So we get politicians seeking photo opportunities, and the near lockdown of entire areas through either fear or voluntary retreat by those whose activities keep the economy moving.  I'm increasingly moving to a Hard Liberal position where once the consequences of lawlessness are spelt out, then the perpetrators of violence, theft and intimidation are effectively beyond the point where they can expect to be protected from proportionate responses to their actions; this includes much more assertive policing and exemplary sentencing, as the vast majority of the population have not resorted to lawlessness and thuggery despite the provocations of our intolerable political hegemony.  Grievances can be expressed peacefully, with much noise and creativity, if they are genuine, and nobody is arguing that the provisions of the Civil Contingencies Act (which are hideous in their assault on the liberty of the citizen) should be applied as yet.

If Cameron and Johnson were anything other than clowns in the pay of multinationals, floundering now that Murdoch's moral vacuum has deprived them of at least one noisy paymaster, then they would be peddling strong, zero-tolerance police tactics now as well as a narrative that examines the causes of social dislocation (inequality, lack of social and geographical mobility, poor education and the dismal state of much of Britain's social infrastructure and built environment are a few for starters) and comes up with a convincing vision as to how to address them and build some form of consensus.  Instead we get monkey-on-a-stick platitudes and the near-certainty that their arrogance will fan further discontent.

The best suggestion that I have heard today is that, given we are building aircraft carriers with no aircraft to carry, they could be converted to prison hulks.  An appropriately Victorian solution to a situation that bears more resemblance to something out of Engels or Mayhew than a supposedly modern world.  Not a solution, but a certain amount of whistling in the dark.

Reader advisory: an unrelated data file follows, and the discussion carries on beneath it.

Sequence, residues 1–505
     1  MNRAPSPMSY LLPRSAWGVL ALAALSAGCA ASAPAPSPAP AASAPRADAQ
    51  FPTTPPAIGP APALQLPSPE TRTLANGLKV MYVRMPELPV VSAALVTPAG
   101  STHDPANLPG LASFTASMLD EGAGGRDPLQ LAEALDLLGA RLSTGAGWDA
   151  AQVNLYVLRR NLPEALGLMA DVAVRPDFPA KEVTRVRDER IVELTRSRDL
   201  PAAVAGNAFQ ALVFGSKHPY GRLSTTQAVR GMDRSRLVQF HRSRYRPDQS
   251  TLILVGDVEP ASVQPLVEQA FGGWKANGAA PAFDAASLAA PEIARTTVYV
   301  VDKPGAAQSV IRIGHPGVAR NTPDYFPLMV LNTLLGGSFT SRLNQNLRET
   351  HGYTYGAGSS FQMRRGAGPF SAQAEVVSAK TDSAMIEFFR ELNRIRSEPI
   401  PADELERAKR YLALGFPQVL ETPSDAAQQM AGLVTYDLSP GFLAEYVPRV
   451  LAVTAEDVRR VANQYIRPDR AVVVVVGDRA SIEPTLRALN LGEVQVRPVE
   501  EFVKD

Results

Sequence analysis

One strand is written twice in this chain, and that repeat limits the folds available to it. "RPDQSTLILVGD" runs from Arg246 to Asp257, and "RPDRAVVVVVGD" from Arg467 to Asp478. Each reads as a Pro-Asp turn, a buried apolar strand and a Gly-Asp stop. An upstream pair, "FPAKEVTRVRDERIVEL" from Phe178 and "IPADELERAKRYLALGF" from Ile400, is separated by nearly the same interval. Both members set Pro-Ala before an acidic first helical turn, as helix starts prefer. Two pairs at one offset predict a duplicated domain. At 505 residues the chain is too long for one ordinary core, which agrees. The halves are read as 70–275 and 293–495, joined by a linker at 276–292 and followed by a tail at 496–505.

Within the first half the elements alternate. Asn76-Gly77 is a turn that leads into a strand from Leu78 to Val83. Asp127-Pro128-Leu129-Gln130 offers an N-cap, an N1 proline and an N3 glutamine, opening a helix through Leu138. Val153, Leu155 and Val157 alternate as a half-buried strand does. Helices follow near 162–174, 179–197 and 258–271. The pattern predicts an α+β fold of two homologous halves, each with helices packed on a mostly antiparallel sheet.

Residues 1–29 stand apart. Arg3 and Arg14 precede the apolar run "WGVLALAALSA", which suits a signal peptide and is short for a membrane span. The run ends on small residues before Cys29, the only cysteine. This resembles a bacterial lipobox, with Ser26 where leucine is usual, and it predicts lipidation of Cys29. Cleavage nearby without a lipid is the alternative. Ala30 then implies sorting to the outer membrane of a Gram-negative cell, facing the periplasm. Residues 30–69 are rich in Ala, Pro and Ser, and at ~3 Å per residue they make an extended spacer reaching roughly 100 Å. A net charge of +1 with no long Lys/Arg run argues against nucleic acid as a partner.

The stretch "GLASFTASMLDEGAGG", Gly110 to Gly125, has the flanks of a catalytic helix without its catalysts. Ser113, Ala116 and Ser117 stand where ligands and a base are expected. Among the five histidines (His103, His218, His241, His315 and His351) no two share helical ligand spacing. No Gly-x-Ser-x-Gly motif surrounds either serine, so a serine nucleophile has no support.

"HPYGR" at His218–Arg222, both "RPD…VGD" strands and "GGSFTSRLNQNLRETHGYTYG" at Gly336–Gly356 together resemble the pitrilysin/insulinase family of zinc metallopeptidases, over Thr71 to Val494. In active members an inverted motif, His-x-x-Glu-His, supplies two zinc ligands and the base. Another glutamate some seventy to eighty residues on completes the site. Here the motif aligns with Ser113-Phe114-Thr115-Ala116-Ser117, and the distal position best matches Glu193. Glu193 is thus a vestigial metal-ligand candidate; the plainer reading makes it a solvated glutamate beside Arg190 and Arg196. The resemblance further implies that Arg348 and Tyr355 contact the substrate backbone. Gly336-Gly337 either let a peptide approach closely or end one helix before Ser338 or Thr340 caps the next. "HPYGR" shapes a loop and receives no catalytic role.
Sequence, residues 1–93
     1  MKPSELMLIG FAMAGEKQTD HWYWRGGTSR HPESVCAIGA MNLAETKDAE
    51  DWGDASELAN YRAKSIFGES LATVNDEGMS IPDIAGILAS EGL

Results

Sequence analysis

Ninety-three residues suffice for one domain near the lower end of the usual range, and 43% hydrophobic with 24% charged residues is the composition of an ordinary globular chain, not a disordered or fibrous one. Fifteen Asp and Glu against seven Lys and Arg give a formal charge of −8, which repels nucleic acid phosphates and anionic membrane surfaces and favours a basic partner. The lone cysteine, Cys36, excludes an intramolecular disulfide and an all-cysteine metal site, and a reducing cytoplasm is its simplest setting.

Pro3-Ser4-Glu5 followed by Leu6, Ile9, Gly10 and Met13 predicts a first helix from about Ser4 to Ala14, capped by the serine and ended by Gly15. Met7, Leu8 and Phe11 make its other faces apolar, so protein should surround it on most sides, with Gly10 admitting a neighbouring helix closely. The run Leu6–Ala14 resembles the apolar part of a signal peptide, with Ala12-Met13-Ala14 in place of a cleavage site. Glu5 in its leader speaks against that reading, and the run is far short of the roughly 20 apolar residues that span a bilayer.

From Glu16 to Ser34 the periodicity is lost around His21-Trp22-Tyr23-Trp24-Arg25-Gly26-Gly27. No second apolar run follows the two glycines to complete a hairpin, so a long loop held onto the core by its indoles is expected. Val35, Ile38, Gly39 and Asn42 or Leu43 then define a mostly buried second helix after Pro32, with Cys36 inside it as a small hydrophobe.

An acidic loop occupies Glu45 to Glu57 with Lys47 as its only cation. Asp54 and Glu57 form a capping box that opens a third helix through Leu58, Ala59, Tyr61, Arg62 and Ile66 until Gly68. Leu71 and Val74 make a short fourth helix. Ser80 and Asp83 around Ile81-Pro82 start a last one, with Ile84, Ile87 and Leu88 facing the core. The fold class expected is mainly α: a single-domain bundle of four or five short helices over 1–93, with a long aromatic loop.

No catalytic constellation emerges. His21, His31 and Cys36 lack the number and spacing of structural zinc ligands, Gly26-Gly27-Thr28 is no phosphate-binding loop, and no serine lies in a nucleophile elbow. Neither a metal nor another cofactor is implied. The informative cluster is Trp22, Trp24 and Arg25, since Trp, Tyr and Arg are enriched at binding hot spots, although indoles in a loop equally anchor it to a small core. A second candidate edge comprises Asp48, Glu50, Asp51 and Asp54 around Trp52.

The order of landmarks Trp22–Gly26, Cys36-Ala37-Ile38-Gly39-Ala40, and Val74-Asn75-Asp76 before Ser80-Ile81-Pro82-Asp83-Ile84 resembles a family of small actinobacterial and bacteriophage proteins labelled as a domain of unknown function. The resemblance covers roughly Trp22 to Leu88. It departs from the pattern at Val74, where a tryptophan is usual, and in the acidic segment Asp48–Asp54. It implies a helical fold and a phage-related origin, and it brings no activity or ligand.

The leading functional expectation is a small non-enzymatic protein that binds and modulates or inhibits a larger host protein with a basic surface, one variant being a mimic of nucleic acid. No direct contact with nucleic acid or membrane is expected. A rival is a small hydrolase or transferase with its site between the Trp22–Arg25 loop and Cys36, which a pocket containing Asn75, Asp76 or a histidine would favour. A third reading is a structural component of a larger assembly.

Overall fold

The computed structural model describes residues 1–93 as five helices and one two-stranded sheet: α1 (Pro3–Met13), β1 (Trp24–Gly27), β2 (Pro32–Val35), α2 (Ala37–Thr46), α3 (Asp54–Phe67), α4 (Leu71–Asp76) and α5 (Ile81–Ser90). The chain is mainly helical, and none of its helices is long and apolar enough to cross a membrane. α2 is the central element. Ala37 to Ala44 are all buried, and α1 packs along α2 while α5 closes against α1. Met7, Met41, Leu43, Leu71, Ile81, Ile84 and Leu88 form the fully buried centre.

Monday, 8 August 2011

Let's cast Dave and Boris as Nero and Caligula

To describe the feral youth of London as anything other than criminal is to give them far too much intellectual and ideological clout.  Their trail of fear and destruction is an evil spree, not motivated either by a political grievance or a genuine desire for anarchy - a concept which relies upon positive human instincts and respect for others and the world around you.  Therefore by default it is only possible to have sympathy with the police's poor bloody infantry and the victims of gangsterism run amok.

There will doubtless be much hand-wringing about alienation and the continued failings of the police force, demonstrated admirably by the unravelling over Murdoch's tentacles extended into the higher echelons of the Met.  The social evils that exist are genuine, and need to be addressed as a matter of course, but without any intention of providing amelioration as some kind of reward for bad behaviour.  Liberal instincts must be to protect all individuals, which does not mean prioritising the rights of the violent and the disfunctional over the rest of the community.

Social cohesion has been systematically eroded through economic lunacy - that much is clear.  Creating a society based around material aspiration as the only means of self-validation has been deeply damaging, but the evils of unfettered neo-conservative social and econmic constructs create ghetto conditions and, for both those benefiting from the system and those excluded, exacerbate the fear of "the other" that has reduced most discourse to a sequence of hand-wringing platitudes.  On one side you get the dribbling semi-racist ravings of the mid-market Tory tabloids, and on the other a mirror image of intolerance, and never the twain shall meet.

It has been interesting to compare the response of Labour MPs to that of their Tory counterparts.  The latter tap into the middle class rhetoric of "mindless thuggery" (quite correctly in some cases) but listening to David Lammy and Diane Abbott (very glad I voted for her as Labour leader!) shows that they have a grasp of the underlying issues of social dislocation as well as a healthy anger against the morons who have been exploiting the situation for considerable personal gain and maximum disruption to the more socialised.

As a Liberal, I don't subscribe to the idea that one extends infinite tolerance, and it was good to see Simon Hughes making clear his views on what is happening in Southwark and the need for the community to assert discipline.  Even the hapless Clegg managed a decent fist of it, actually going to Tottenham to see for himself what had happened and engage with people affected by the criminality, rather than Theresa May's supreme vacuity and irrelevance, uttering Tory shire platitudes from the safety of the Home Office media room.  So there has been some good performance from most sides of the political spectrum.